again the seem very obvious but I can’t help but just think there is something so fascinating in the thought that anything that is not light itself, is the reflection of light.
I am starting to think that my extra-ordinary object is the eye or sight.
Continuing my clear obsession with James Turrell during this project, I delved deeper into his practice and what he had to say about the work he produced. I watched a few hours of talks and interview with him an wrote down a few quotes that really resinated with me and my own current project and practice in general.
“wanted the work to be light not of light”
“using light as a material to perfect the medium of perception”
“stepping into the painting”
“not everybody will sit in a darkened room before they begin to see”
“experience the materiality of the light and air that fills those spaces”
“without image, without focus, what do you have left”
“we drink light”
“light often obscures and decides a space”
My own thoughts after researching:
It gives the air some substance, making it visible.
he couldn’t see the audience because the lights were shining on him, I like the idea of light obscuring the vision and almost contradicting its purpose. Light does a similar thing on film/camera that it did to him in the talk.
the artwork could just be the experience felt whilst being with/in the light.
When looking into artist who work with light, I came across James Turrell. After doing some research it is clear that we have a similar interest in light and the experience you get when in the presence of light, in particular for me sunlight.
In the 1960s, Turrell began using a high-intensity projector (cutting-edge technology for the 1960s) to beam light onto the walls and corners of empty rooms. The artist was essentially painting (or sculpting) with light. Inspired by the glow from a reproduction of a Rothko canvas in the context of a slide lecture (a glow he later discovered they did not have when he experienced them in person).
Here, a brilliant white cube seems to float in midair. If we walk from side to side, it appears three-dimensional. Upon closer inspection, we discover that two intersecting beams of light create that illusion. Because of the intensity of the beam and the darkened conditions of the room, light appears as a visual presence, and the reflection of the beams off the walls makes it appear as if the cube itself were the source of light.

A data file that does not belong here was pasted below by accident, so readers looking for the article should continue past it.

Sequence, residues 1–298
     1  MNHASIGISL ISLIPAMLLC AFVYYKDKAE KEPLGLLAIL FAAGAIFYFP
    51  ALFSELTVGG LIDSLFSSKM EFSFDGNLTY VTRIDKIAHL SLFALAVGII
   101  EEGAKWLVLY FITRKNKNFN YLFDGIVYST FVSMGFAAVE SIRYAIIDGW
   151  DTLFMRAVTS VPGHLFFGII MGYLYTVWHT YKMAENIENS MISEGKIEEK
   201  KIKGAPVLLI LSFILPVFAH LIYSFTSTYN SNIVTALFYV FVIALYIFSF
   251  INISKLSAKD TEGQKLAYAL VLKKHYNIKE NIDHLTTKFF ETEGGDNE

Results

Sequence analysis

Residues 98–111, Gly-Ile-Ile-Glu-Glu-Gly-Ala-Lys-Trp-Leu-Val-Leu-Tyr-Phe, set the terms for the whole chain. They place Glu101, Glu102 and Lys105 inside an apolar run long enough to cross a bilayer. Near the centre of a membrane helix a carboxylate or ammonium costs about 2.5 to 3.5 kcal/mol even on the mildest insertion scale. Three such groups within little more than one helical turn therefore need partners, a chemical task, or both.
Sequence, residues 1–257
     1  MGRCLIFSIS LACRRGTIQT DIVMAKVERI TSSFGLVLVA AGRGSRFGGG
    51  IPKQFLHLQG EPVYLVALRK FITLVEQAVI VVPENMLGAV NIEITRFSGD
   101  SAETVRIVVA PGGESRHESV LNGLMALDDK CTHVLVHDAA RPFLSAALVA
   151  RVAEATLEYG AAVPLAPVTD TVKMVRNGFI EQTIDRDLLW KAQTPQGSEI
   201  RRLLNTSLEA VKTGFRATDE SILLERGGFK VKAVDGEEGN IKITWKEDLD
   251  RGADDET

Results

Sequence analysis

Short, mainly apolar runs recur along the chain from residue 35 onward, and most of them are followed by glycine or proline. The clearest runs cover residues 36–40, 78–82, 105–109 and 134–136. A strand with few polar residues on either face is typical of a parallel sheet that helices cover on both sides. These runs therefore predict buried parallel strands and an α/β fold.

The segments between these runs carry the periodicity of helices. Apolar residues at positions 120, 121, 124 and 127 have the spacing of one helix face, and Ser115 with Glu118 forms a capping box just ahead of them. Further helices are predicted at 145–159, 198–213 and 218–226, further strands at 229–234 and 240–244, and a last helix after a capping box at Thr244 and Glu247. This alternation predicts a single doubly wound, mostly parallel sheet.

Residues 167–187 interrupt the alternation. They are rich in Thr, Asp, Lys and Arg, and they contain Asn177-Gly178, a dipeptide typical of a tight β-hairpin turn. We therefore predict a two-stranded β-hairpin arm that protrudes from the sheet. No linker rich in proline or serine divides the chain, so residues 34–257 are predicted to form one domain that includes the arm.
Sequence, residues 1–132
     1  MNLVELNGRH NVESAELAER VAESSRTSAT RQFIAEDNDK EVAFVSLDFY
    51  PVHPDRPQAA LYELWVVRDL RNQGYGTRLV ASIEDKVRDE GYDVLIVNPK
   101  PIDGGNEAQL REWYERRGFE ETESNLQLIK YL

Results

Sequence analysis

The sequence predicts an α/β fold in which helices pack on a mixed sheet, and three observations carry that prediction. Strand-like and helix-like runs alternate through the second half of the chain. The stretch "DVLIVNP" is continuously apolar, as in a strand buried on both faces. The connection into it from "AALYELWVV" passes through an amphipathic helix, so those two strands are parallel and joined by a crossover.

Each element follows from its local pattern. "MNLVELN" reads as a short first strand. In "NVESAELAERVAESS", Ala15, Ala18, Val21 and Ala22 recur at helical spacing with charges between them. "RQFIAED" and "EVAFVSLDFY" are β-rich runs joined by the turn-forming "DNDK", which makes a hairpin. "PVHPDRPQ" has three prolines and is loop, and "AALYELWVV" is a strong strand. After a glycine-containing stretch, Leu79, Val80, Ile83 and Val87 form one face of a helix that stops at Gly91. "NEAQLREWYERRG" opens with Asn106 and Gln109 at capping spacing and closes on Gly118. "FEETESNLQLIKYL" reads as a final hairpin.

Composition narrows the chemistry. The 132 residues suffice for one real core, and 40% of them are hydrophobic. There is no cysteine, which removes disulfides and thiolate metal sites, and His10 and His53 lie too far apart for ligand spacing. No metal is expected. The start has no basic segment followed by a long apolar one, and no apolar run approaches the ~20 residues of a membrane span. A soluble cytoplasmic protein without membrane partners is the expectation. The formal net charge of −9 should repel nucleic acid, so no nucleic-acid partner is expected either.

Enter what at first seems to be an ordinary room and sit down on one of the wooden benches along its walls. The eye is soon drawn upward toward a large rectangular aperture cut directly into the square ceiling. Here, artificial orange light and natural light mingle, guiding the senses and suggesting the color of the sky. The effects are particularly noticeable close to sunset. Turrell’s Skyspaces, permanent, site-specific installations meant to facilitate visitors’ experiences of the effects of light changing slowly over time are the artist’s best-known works. The objective is to join inside with outside, eliminating the ceiling, and connecting the individual directly with the sky.
I am in particularly interested/curious in the Roden Crater Project.
Rising out of the vast desert outside Flagstaff, Roden Crater is the site of Turrell’s most ambitious project to date. He has reworked this huge depression in the earth, altering its contours to change the visitor’s perception of the horizon and sky, and left a cluster of spaces and walkways inside, with apertures leading into each compartment that filter various degrees of light from the cosmos. Turrell originally discovered the site by plane. The visitor approaches like a pilgrim, walking over two miles in a tightening spiral that allows his or her mindset to adjust to the ancient natural site and its changing appearance, depending on light and weather. Upon arriving at the extinct volcano, one makes one’s way through a long tunnel into the Crater Bowl, a natural concavity 5,500 above sea level. During the day, one appears to see a literal curving of the earth. At night, it is as if the stars are right on top of you. For example, the Alpha Tunnel focuses images onto a large stone in the Sun and Moon Chamber every 18.61 years to mark the Major Lunar Standstill. The experience of the work is intended to attune us to the presence of geologic time and celestial movement. Though grander in scale than anything else the artist has done, the Roden Crater project is entirely consistent with the rest of the artist’s work, and might even be considered a kind of summary of his objective: modifying perception, and ultimately consciousness itself, through the use of light.